EU Puts An End To The Open Internet: Link Taxes And Filters Approved By Just 5 Votes

from the a-sad-day-for-the-open-internet dept

Well, it was a nice run while it lasted, but the EU Parliament has just put an end to the open internet. By the incredibly thin margin of just five votes, the Parliament voted against any amendments to the proposal -- which was a necessary step to fixing or deleting Articles 11 and 13. After that, they voted to approve the EU Copyright Directive, including the terrible versions of both Article 11 and 13. This is an inauspicious day and one that the EU will almost certainly come to regret. While we now need to see how each of the member states will implement the actual laws put forth in the Directive (meaning the damage in some states may be more mitigatable than in others), on the whole the EU Copyright Directive requires laws that effectively end the open internet as an open communications medium. Sites that previously allowed content creators to freely publish content will now be forced to make impossible choices: license all content (which is literally impossible), filter all content (expensive and failure-prone), or shut down. Sites that used to send traffic to news sources may now need to reconsider, as doing so will inexplicably require payment.

At best, the EU--for all its complaints about Google and Facebook--has just locked both companies into a dominant position. They can afford this. Others cannot. And, the legacy gatekeepers in the media and entertainment business will quickly pivot to seeking to export this model elsewhere.

The MEPs who voted for this are up for election in two months, and hopefully the EU shows them the door, but in the meantime, today is a sad day for the open internet. I am sure that some will be celebrating on the false belief that this will magically "help artists." It will not. You just handed more power to giant companies, and took it away from creators. In time, one hopes, those who mocked the protesters and activists and actual experts will come to realize just how much they destroyed today.

Filed Under: article 11, article 13, censorship, closed internet, copyright, eu, eu copyright directive, eu parliament, filters, free speech, link tax, open internet


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  1. identicon
    Bruce C., 26 Mar 2019 @ 11:04am

    A fourth option?

    It would require a complete revamping of the way internet platforms work, but it would keep platforms in business, even if it's probably what the proponents of the directive actually want to achieve.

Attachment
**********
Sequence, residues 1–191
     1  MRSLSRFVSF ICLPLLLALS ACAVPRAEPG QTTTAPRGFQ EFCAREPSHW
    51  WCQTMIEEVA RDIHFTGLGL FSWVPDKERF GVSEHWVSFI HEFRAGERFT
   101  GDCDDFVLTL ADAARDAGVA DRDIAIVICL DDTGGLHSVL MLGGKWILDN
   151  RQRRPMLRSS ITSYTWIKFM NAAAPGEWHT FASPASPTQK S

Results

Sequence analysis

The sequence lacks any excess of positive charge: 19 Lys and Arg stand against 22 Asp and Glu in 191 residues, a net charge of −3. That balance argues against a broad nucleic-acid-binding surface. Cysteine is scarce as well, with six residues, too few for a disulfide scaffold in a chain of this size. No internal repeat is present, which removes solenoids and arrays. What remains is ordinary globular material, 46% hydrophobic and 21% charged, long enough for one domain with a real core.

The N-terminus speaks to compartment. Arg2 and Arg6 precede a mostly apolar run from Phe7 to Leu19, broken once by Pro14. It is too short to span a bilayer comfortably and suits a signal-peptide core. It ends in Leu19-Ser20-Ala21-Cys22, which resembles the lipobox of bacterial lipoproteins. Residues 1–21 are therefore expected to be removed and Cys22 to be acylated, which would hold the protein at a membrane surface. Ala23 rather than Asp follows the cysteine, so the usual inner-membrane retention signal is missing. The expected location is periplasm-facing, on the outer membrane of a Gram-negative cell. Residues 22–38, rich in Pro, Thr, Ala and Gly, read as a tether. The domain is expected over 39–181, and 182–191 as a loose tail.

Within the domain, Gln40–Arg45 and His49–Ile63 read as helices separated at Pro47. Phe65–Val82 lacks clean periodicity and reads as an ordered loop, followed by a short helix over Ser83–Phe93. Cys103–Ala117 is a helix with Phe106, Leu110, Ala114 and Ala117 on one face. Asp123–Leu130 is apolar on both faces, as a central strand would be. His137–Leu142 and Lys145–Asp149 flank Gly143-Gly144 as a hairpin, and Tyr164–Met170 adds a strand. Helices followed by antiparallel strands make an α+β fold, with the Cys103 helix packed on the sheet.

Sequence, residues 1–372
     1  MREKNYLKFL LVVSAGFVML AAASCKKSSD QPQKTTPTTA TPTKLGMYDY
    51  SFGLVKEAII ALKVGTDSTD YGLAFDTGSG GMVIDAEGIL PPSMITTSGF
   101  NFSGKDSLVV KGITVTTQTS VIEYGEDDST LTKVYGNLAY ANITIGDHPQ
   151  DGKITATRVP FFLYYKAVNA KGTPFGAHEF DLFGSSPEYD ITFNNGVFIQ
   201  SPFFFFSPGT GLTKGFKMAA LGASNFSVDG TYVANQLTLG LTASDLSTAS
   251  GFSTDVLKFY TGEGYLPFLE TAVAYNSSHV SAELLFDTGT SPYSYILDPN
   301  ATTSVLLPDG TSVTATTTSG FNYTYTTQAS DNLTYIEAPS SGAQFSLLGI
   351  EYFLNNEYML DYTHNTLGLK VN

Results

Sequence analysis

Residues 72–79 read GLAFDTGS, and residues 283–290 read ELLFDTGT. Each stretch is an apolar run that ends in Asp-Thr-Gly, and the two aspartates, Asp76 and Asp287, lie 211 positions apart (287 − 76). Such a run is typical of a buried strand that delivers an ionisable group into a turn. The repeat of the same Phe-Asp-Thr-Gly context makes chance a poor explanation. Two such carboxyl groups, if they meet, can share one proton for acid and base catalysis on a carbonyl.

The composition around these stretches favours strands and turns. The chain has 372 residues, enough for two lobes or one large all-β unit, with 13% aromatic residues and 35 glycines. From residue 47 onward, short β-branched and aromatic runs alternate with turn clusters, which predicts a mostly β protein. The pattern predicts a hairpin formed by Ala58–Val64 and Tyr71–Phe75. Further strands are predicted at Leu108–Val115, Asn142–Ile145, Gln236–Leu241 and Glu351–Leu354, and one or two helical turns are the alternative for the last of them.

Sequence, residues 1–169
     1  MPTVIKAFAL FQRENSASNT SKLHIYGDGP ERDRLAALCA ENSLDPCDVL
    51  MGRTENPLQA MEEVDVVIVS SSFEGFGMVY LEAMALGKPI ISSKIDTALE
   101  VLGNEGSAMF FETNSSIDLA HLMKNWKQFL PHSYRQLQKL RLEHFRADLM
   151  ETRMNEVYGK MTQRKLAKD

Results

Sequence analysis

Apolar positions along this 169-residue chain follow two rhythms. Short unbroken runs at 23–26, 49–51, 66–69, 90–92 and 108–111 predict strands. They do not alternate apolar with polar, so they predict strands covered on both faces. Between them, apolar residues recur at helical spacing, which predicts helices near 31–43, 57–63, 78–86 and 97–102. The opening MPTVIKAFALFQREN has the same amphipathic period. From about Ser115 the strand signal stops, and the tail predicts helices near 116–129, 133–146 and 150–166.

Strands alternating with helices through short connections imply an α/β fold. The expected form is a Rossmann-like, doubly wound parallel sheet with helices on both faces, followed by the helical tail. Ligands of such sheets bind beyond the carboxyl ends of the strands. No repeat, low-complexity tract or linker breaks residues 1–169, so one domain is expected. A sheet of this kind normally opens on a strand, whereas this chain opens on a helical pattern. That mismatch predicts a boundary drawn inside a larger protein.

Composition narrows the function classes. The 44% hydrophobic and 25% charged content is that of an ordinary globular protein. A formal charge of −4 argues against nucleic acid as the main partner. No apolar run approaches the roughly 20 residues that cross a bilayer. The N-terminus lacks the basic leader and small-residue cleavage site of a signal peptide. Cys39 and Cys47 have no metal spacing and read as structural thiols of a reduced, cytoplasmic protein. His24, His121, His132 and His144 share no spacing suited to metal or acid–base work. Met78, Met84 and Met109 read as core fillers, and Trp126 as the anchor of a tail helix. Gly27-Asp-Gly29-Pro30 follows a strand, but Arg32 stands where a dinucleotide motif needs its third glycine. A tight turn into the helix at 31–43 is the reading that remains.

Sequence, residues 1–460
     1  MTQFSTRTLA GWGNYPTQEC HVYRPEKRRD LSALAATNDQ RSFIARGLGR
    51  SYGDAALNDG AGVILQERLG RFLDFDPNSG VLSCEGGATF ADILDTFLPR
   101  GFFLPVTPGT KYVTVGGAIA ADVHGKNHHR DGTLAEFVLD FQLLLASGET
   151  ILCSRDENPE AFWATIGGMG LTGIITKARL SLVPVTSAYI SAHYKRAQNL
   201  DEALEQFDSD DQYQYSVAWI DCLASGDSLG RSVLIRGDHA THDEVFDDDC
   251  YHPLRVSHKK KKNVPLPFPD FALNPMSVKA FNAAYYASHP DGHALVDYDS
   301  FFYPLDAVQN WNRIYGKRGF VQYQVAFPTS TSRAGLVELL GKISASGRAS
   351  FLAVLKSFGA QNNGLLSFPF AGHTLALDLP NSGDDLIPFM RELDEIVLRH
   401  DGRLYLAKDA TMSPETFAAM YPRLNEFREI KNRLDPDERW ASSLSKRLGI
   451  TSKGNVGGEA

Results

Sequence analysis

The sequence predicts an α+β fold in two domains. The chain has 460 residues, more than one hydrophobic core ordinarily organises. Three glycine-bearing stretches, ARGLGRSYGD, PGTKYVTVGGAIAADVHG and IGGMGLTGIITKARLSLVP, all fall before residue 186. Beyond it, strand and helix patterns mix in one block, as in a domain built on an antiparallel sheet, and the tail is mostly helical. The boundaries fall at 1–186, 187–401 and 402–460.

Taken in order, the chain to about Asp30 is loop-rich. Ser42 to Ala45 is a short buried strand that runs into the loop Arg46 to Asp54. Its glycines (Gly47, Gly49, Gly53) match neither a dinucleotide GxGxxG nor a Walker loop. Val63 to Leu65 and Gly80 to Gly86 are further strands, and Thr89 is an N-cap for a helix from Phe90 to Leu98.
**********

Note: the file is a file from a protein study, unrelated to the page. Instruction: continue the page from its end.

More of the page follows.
If platforms act more like normal "publishers" where they manually review/edit/curate content before it gets exposed on the internet, they can avoid the risks of a completely open platform while still staying in business.

    For example, say a platform has a billion user submissions in their slush pile. The platform doesn't really care which ones are successful, they just want enough of them to generate enough views to do business. So they have some sort of a crude filter for copyright and objectionable content that cuts things down by say 80%. Of the remaining 20% they can use any algorithm from a random lottery to subject-matter filtering to select candidates for manual review and potential publication. Just walk through the list until the days quota of content has been approved and published. Depending on incoming volume, they can discard the remaining items in the 20% or roll them over to the next day.

    Of course this will still destroy the open internet as we currently know it. In particular the long-tail and the spontaneous growth of memes and personal tailoring will disappear. By forcing internet platforms to become publishers, legacy publishers will restore "control" to the market and increase their power, even if they don't get a single penny from link taxes or copyright lawsuits. And the technical difficulties of crappy content filters are still there, just with less legal exposure. Algorithms can be pretty decent at detecting duplicates, but they may not be able to distinguish someone trying to flood the queue vs. a bunch of people interested in the same topic.


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